I’ve spoken with hundreds of CAD users, and I can say this with certainty: everyone hates PDM.
Onshape’s most important accomplishment is making PDM a no-brainer. It takes what used to be an expensive, time-consuming distraction, and does it all for free. What used to be advanced PDM features are now so effortless as to seem incidental. I can focus on design ideas without a wasting single thought on data management.
I’m designing a wifi-enabled turret-mounted inter-continental water balloon ballista. We call it the B2, and it’s as epic as it sounds. It’s actually a new iteration of an older ethernet connected version of the same product (the B1). I need to reuse parts from the B1 in the B2, but with a few modifications.
Sounds easy. It’s not.
I actually have a whole defense contracting company built around ballistic turret launchers: the Needlessly Whizbang Mostly Harmless Low-Tech Weaponry Corporation of Northern Virginia (NWMHLTWCNV for short). Traction trebuchets, counterweight trebuchets, bombards, onagers, mangonels, ballistas, springalds… you know. Your basic medieval artillery arsenal retooled for water balloons and desktop computing.
Anyway, we’ve decided to use the ratchet pulls from the B1 in the new B2 model. As it happens, Simon’s been working on improving the ratchet pull system for the entire ballista line. This leaves me with a problem: what if I design my turret around the current ratchet pull mechanism, but then Simon makes an update? Doesn’t that risk breaking my model and setting me back during the prototyping phase?
Not a bit of it.
Milliways and the Golgafrinchans
Revision control ain’t the sexiest topic in the world, but can literally make or break a turret-mounted water balloon ballista, trust you me. When we make changes in the part library, we need to be careful about pushing those to other designs automatically, lest we cause problems for people working on live projects.
The joy of the Onshape linked document system is that you never actually link to a part per se, but rather a version of a part. Since all versions of all documents are saved for all time, this means you can safely reference any version of any document without fear of downstream changes.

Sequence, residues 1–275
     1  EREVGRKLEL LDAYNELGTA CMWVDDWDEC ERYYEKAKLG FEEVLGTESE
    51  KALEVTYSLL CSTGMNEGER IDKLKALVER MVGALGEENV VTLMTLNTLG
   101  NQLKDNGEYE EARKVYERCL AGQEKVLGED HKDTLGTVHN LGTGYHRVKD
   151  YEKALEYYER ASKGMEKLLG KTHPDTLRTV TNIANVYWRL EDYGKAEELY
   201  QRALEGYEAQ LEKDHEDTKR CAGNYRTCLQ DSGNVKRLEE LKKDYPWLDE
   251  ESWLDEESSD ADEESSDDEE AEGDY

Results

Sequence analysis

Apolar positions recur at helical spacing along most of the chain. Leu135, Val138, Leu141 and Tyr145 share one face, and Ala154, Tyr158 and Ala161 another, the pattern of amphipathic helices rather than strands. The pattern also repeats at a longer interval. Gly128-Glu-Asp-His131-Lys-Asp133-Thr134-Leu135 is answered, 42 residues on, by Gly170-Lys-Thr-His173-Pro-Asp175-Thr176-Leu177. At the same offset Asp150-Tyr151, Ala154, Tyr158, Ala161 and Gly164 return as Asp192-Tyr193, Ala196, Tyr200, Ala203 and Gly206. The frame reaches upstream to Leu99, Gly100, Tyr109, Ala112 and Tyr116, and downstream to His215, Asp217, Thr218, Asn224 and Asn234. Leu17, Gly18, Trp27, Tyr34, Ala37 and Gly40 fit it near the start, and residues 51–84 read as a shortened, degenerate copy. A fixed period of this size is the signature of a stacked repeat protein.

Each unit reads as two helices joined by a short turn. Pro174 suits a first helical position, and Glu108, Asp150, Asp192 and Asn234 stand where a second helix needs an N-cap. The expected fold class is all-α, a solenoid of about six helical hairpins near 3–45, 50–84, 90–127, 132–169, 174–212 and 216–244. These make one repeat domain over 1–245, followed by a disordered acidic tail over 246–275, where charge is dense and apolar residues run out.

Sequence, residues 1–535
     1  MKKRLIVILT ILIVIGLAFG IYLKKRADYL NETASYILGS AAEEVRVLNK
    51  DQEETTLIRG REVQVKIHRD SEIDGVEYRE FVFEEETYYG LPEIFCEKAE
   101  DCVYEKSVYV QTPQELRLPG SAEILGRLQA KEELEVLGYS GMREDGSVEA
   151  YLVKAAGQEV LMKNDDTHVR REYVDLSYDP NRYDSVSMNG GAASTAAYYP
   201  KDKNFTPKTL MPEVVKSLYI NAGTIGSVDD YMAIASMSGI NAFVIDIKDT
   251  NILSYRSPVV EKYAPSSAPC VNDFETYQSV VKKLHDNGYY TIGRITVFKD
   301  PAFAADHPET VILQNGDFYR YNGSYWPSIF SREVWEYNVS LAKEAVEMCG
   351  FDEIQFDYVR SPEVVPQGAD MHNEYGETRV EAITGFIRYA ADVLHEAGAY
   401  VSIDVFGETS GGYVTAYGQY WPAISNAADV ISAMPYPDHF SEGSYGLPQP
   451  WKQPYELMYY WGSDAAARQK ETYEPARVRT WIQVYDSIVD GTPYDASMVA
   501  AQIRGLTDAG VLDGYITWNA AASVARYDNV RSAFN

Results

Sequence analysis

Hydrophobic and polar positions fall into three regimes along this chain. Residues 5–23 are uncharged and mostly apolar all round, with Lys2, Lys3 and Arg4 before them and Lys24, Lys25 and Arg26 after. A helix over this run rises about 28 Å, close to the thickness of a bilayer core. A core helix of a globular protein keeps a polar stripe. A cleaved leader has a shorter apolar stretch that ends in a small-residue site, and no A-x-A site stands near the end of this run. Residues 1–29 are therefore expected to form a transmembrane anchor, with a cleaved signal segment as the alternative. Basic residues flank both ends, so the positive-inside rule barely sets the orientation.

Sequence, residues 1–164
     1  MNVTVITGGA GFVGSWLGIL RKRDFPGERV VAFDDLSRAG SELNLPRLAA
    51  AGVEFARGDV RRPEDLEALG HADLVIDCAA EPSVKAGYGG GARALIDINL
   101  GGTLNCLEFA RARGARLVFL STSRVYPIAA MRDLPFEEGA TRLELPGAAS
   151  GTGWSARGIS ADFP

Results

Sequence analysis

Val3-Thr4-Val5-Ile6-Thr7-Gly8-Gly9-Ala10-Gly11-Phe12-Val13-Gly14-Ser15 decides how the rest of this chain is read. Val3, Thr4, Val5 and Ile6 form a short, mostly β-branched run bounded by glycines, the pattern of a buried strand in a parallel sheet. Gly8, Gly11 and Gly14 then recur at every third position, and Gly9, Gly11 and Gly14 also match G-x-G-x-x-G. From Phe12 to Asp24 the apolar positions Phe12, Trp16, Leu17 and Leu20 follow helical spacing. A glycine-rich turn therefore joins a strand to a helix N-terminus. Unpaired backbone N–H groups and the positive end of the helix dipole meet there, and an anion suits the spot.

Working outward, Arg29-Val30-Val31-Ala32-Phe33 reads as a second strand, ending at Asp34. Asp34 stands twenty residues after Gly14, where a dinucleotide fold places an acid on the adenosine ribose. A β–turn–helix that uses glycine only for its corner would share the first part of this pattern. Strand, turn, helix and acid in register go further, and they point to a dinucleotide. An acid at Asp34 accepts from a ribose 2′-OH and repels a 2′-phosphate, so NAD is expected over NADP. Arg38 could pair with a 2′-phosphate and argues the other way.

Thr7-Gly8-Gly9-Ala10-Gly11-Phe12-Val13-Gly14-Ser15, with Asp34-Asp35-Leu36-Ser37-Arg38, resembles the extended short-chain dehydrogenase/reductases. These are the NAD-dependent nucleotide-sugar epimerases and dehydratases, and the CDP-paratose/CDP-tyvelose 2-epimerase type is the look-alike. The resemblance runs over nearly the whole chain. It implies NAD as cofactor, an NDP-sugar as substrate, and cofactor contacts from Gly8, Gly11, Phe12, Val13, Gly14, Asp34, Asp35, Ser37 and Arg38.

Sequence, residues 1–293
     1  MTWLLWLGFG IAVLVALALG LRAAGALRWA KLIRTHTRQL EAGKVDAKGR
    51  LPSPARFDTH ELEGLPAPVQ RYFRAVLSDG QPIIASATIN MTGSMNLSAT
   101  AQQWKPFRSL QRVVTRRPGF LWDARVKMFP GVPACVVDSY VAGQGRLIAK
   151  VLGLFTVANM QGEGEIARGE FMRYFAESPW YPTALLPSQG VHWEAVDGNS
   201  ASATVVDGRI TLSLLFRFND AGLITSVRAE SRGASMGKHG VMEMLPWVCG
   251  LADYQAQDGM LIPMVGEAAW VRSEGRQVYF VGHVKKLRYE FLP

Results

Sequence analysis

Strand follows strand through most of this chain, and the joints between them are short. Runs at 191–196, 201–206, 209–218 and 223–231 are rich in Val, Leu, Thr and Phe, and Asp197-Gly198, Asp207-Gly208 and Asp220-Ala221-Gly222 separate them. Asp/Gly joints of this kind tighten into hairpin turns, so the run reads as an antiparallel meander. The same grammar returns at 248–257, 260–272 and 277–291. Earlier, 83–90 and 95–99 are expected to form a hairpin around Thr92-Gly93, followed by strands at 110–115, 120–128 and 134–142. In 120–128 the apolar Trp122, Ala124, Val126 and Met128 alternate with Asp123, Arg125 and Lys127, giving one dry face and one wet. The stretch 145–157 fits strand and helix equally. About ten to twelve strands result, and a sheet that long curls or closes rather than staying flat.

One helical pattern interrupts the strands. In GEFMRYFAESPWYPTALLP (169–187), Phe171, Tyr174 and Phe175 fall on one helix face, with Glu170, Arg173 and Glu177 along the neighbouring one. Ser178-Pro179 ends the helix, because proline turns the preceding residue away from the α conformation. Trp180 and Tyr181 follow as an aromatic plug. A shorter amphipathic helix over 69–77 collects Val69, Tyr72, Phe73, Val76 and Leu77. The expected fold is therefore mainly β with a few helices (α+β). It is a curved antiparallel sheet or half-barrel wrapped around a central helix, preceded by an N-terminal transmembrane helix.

Once Simon is done making his changes, my assembly gives me a little icon alerting me to the new version. I know I’ll eventually want to bring it in, but we’re right in the middle of prototyping. I’d rather not introduce the changes until we’ve seen how the first proto behaves. So I wait.
After the 0.1 proto is finished, I choose to update to the latest version, and viola: Simon’s changes are now in the B2 assembly. Looks great.
Just as importantly, the B1 assembly still uses the older version. That’s super important because we’re still shipping the B1. The assembly needs to accurately reflect the product as it exists on the market. With Onshape’s version system, that’s a given.
Thanks for All the Fish
So yeah, linked documents in Onshape. Pretty great in a team setting, but even more so if you’re a parts supplier or a user of parts from a part supplier.
Imagine, for example, if a catalog like McMaster were added to Onshape as a linkable document. No more downloading STEP files, just link directly to the part in the catalog. Use it in your design. When McMaster needs to update a part in its catalog because of a supplier change, for example, you’ll know your designs won’t be affected unless you explicitly choose to accept the updated version. You can already access the Traceparts library directly from within Onshape. Linked documents would only make integrations like these even better.
Definitely take a look. You can sign up for Onshape here.